domingo, 28 de noviembre de 2010

Uses for Crayon Physics Deluxe Demo version.

I have commented on this before, but haven't put much detail on how I used it.

While Graham Stanley did a nice write up on the game here, in digital play, a great blog for those interested in game based learning ( ) , I thought I would add a few thoughts...

This game, with a free demo version here: , is an amazing resource for language learners. It is a low input - high output exercise, true task based learning, highly engaging, and great for collaborative learning.

A pure visual framework, it allows you to SEE how your students think and create real communication situations. It is an open and intuitive game where crayon drawings come to life, and operate with a 2 dimensional physics. The object is to make a ball touch a star... in the coolest way possible.

So, suggestions for usage in class settings:

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a. One crayon physics station/ (which can be an IWB, a wiiboard, or even a computer with a decent sized screen) per 10 student group

b. timekeeping device.

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Introduction game. (As students familiarize themselves with the game.)

Students get to draw three lines each and pass it on to the next person.
They explain what they are doing, while they do it, to the group.

-while this is not going to elicit a lot of language, and may not appear engaging, it will actually be quite effective, and is great present continuous practice for lower level students.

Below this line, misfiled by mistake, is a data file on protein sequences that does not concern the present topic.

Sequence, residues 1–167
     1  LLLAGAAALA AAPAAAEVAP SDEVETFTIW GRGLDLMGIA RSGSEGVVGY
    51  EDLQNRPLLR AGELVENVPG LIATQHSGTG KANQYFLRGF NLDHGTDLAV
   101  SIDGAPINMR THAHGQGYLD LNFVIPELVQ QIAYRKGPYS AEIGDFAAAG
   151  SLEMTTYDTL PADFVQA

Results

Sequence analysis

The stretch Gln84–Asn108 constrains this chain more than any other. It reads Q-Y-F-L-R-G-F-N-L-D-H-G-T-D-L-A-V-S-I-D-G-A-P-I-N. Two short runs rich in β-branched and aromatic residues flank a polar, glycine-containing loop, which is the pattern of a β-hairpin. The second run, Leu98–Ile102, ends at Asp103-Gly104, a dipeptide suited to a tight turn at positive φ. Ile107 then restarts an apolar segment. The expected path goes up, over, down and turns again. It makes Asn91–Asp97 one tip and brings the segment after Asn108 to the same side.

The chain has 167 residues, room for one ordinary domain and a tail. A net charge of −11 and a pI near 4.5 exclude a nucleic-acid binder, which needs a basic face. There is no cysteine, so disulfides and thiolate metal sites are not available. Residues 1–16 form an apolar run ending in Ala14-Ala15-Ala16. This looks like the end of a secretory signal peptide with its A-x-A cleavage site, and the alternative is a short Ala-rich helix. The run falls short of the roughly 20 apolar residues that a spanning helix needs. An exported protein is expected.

-variation 1: another student, or the rest of his team of 5 people, explains what the first student is -variation 2: another student, or the rest of his team tell the first student what to do.

Variant game 1 (as students become more familiar.)

Starting team tries to block team 2 from the star. They can draw one line each time.
Team discusses (in English, naturally...) their strategy for blocking, and take turns blocking.
Team two also descuss and alternate every turn... they have two lines every turn, and can use one of those lines to erase the move of the blocking team, while the blocking team can’t erase.
(Just as a note, the game is skewed in favour of the drawing team, who will always win if the game goes long enough.)

-variation: blocking team can’t use the same move twice, which will encourage more conversation as they look for new strategies.

Variant game 3. (as students become adept.)

Teams compete for the most elegant solution to the same puzzle.
They explain what they will do, and then proceed to do it.
Most elegant and original solution wins.
(here is an excellent opportunity to praise ambitious failure...)

Variant 4: Rube Goldberg machine.

A Rube Goldberg machine performs a very simple task in a very complex way. The point of this variation is to make the most complicated chain reaction possible. The best example of one that I can think of is Ok Go’s video here, ok go video, in itself a marvellous visual scaffolding for either conditional or present continuous language.

This is best given with time for the group to plan, with paper, on how to do their variation. They will spend most of their time working out their machine, and then set up the machine backwards... and then watch it (probably fail.)

Insist that it go through at least three “stages”. It is possible to have ropes or rocks that can be erased in real time to make different parts start.

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So, in summary, I think this is a great opportunity to apply game-based learning to the classroom with limited resources... there is no need for internet connection in class, and with three laptops it would be possible to serve a 30 student class. Notwithstanding... if there is a possiblity to have 3 projectors and make three wii whiteboards for that class it is well worth the effort to do so.

The teacher can gather interesting emergent language, encourage students, or correct those nasty workbook entries accumulating at their desk...